posted on June 01, 2010 14:16
One of my key professional passions is to help leaders of organizations create a culture of coaching. What are the key distinctions of such a culture?
First, every leader at every level is viewed as a coach. While supervision and processes are necessary ingredients for both management and leadership to a certain degree, coaching is the yeast that holds the entire recipe together. Coaching others toward fresh insights that lead to behavioral changes and better results is at the heart of being entrusted with a group of people of any size, in any setting. The most effective leaders think “coach first” and job title second.
Next, coaching is a strategy for organizational effectiveness and not just a low-level, reactionary tactic for fixing problems or attacking disengagement. The best leaders don’t “give coaching a shot” after they have exhausted all other traditional means for driving performance and “holding people accountable” (whatever that means!). They view coaching as the high-level “how” a business unit or organization will achieve its big picture goals, understanding that coaching truly builds talent and bench strength with more speed and sustainability.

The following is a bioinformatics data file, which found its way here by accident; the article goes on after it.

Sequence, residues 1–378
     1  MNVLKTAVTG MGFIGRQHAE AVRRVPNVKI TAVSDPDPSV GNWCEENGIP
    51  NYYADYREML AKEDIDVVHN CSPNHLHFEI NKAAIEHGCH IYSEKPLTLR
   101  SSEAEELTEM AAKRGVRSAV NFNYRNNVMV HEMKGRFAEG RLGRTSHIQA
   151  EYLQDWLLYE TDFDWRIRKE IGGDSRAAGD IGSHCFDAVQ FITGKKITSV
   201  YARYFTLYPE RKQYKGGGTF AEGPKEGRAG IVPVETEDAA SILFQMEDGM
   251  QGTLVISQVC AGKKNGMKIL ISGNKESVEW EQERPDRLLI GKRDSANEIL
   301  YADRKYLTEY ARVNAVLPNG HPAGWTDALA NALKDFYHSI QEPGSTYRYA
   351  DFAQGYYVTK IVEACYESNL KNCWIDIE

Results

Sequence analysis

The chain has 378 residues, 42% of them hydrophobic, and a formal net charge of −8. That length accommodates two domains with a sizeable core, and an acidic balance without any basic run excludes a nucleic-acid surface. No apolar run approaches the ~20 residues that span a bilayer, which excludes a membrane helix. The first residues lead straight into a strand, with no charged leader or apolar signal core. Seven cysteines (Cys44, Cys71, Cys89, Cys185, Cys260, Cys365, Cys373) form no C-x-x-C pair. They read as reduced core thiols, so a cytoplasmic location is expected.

Finally, coaching is a partnership between two career-minded professionals who each view themselves as serving the success of the other. Each person plays different roles in the partnership (boss, direct report, etc.), but they share the same goals and hence—ideally—the same level of excitement toward reaching these goals. Neither is willing to let the other down, and therefore there is both an eagerness to coach and be coached.
Reflect now on your own organization. What elements are in place that constitute the current or future realization of a culture of coaching? This could also be a good time to examine whether you see yourself as a coach, and to realize that a whistle and baseball cap are not necessarily required!